• Saloranta, Pauli (Helsingin yliopisto, 2020)
    This Master’s thesis is a study of the basis and nature of participatory budgeting in the City of Helsinki, called OmaStadi, in context of international participatory budgeting models. My task is to find specific qualities in Helsinki’s participatory budgeting solution, recognise its model and, if possible, name it. Deliberative democratic theory serves as background. Other central concepts are involvement, engagement, participation and light participation. By nature this thesis is a case study with the city's decision documents as main body of material, supplemented with expert interviews. Background chapter describes discovery of participatory budgeting in Brazil’s Porto Alegre in the 1980’s and diffusion around the world in various versions. I leave for further investigation my observation that the method was already known earlier in the fields of financial management and school management. In Finnish circumstances participatory budgeting combines long known functions of citizens’ right of initiative, joint planning and public referendum in a new way. Participatory budgeting arrived in Helsinki earlier than is usually known. In the years 1999–2011 city schools implemented targeted pedagogical participatory budgeting as a part of youth participation program ”Hesan Nuorten Ääni” following the model of Norway’s city of Porsgrunn. Also unit level participatory budgeting has been tried out, with notable examples of a pilot in the New Central Library Project and the operating model of Maunula House culture and community centre. Present enseble of participatory budgetings in Helsinki consists of four complementary parts: 1) School-specific ”Ruuti-raha”, 2) youth work unit level ”RuutiBudjetti”, together with OmaStadi processes in 3) seven major districts and 4) the whole city. Specific qualities in the OmaStadi model are coequal individual participation and intensive involvement in planning. OmaStadi does not constitute new representative elements like the internationally noted Porto Alegre model and nearest reference point, Helsinki's youth work RuutiBudjetti do. Compared to internationally noted achetypes of participatory budgeting, Helsinki’s solution is a hybrid combining features from different models while emphasizing the co-development phase to which time is invested generously from both the citizen proposers as well as the city’s experts. This way, for a moment, the citizens themselves become part of the administration.
  • Malmström, Sanna (Helsingfors universitet, 2011)
    Children's involvement is a key quality factor in Early Years Education. As a process variable it concentrates on children's actions and experiences. The involved children are operating in their zone of proximal development. The aim of this study was to find out how the children involved themselves in the Finnish day care centres. The problems of the study were: (1) how the children are involved in different situations between the hours 8.00 and 12.00, (2) how do the skills of children whose involvement level is high differ from the skills of children whose involvement level is low and (3) how do the learning environments of the children whose involvement level is high differ from the learning environments of the children whose involvement level is low? The research method was observation and children's involvement levels were assessed using LIS-YC Scale. In addition, the kindergarten teachers evaluated the children's skills and the team workers did the evaluations of the educational settings. The data used in this study was a part of the 'Orientaation lähteillä' research. The 802 children, who took part in the study, were from 48 different groups of eight different municipalities in Central Uusimaa. There were 18358 observations of children's involvement and the quantitative data was analyzed using correlation, cross tabulation and t-test. Children's involvement was an average at a moderate level. The involvement levels were the highest during playing time and adult guided tasks and lowest during eating and basic care situations. The level of involvement was higher if the children were adaptable, proactive, self-motivated and good players. The involvement lever was lower if the children needed some special care. The children's involvement is supported if the educators had at least once a week a meeting and if children's confidence and identity construction was frequently considered in educational discussions. Furthermore, the appreciation of the ethical issues and positive atmosphere appeared to confirm the involvement. The children's involvement is decreased if the educators had been perpetually short of time or resources or there has been lack of joy and humour in the group.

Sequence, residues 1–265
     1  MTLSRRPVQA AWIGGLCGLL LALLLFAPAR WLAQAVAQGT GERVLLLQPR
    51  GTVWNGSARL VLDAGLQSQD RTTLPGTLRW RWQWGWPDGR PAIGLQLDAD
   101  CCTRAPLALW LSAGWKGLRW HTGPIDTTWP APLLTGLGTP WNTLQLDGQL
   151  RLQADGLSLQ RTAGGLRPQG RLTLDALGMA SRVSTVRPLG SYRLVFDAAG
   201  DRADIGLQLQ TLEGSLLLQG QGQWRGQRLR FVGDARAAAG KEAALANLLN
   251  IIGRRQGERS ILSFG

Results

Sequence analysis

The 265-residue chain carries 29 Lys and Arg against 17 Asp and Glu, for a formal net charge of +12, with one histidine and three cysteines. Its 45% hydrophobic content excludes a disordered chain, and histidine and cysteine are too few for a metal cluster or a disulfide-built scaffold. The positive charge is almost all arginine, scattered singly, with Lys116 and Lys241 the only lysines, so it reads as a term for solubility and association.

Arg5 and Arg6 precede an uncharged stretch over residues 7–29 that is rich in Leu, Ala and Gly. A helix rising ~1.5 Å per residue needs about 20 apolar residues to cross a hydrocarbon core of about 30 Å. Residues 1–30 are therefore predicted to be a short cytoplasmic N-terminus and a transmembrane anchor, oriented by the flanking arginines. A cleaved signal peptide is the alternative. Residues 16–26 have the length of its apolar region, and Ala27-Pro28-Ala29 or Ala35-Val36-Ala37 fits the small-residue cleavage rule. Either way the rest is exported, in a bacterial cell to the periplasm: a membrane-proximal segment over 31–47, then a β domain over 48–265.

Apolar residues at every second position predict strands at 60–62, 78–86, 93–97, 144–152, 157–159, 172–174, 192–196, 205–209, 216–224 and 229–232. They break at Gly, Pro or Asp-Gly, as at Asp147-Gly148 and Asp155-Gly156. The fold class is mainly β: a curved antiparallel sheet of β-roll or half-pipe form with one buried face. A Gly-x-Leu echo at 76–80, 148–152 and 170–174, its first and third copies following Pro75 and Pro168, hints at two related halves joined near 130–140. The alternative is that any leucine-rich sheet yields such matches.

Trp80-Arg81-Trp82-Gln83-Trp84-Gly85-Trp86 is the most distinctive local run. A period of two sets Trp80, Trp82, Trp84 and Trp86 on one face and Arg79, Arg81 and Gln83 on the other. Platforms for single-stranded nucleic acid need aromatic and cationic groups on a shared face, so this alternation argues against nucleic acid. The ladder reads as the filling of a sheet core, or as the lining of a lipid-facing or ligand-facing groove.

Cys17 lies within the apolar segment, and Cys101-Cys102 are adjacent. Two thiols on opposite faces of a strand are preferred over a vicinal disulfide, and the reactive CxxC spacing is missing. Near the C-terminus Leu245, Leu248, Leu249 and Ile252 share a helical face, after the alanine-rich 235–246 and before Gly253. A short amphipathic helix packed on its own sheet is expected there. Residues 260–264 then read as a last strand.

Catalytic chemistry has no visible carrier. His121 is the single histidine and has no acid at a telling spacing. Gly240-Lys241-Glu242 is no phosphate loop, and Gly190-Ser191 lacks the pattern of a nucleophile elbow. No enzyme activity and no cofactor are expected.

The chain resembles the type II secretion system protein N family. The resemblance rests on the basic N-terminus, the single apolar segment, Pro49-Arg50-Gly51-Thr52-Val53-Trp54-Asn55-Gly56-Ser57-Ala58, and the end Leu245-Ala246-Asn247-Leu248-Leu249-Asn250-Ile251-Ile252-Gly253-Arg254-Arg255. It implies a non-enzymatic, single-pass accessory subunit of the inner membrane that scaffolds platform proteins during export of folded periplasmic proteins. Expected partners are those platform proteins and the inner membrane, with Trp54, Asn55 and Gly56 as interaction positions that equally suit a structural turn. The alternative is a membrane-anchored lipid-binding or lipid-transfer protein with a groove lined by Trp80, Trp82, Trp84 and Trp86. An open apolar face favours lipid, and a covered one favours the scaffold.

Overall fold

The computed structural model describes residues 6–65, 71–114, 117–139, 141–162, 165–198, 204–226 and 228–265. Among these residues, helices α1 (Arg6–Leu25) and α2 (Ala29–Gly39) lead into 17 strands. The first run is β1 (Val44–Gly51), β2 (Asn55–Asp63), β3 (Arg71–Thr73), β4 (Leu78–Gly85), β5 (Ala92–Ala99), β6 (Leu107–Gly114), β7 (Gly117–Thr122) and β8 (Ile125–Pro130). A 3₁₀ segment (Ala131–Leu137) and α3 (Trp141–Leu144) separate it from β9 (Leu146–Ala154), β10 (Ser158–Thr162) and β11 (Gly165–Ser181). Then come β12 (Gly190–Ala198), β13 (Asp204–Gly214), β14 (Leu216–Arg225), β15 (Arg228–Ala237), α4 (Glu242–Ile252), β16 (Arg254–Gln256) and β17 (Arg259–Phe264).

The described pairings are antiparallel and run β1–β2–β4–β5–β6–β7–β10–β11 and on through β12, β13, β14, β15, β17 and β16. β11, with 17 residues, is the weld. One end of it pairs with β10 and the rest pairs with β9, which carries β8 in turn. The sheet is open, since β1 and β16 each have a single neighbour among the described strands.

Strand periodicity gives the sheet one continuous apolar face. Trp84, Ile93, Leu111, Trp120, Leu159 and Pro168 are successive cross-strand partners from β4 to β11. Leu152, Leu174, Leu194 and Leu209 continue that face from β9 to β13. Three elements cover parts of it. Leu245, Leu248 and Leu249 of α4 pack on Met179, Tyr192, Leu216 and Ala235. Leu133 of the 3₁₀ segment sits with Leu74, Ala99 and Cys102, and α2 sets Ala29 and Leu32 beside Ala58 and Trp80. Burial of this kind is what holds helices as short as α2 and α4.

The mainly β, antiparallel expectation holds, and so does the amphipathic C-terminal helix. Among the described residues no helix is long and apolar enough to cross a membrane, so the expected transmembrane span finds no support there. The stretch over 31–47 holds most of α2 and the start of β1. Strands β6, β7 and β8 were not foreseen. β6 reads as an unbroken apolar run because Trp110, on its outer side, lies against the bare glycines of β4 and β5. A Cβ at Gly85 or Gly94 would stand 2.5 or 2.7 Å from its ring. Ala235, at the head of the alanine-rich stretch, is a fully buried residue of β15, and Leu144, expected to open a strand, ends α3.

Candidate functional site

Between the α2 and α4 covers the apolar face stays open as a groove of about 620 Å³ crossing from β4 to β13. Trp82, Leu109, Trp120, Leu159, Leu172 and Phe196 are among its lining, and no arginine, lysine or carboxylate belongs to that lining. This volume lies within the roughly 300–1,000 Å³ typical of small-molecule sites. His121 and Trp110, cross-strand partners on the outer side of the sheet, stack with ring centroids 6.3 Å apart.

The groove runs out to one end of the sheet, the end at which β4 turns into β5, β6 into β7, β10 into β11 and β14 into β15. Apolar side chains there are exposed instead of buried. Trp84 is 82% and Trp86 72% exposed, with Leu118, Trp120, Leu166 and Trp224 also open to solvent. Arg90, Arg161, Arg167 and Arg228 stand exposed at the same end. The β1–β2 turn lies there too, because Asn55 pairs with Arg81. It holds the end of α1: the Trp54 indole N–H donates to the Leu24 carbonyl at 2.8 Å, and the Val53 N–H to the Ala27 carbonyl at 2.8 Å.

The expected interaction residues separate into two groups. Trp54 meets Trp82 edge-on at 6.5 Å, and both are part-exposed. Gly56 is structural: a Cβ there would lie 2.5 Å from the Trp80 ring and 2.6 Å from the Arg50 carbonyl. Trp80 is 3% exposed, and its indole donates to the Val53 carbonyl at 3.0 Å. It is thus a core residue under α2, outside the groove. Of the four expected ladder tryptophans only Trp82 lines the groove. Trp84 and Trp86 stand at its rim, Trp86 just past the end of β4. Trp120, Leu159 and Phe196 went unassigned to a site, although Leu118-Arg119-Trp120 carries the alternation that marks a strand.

• Kiryluk, Halina; Glińska, Ewa; Ryciuk, Urszula; Vierikko, Kati; Rollnik-Sadowska, Ewa (Public Library of Science, 2021)
    PLoS ONE 16: 6, e0253166
    Stakeholder participation is particularly important when dealing with mobility problems in touristic remote areas, in which there is a need to find sustainable solutions to increase transport accessibility. However, the literature lacks research linking the issues of establishing stakeholder groups with the most desirable level of involvement and methods ensuring involvement on the indicated level. The aim of the paper is to fill this gap on example of project dedicated to six Baltic Sea Regions. In the first stage key stakeholder groups were identified, then different methods and tools were proposed depending on levels of engagement of given group of stakeholders on solving the problems of local mobility. Two research methods were implemented–the case study and the content analysis of documents. The results of the research point to the existence of five key groups of stakeholders interested in solving transport problems of touristic remote areas: authorities, business and service operators, residents, visitors and others (like experts and NGOs). Among the five–authorities and business representatives–should be to a higher degree engaged. However, the main conclusion is that engagement local government units, when developing their own, long-term strategies for social participation, should adapt the selection of participation methods and techniques to a specific target group and the desired level of their involvement so as to include stakeholders in the co-decision processes as effectively as possible and achieve effective regional co-management.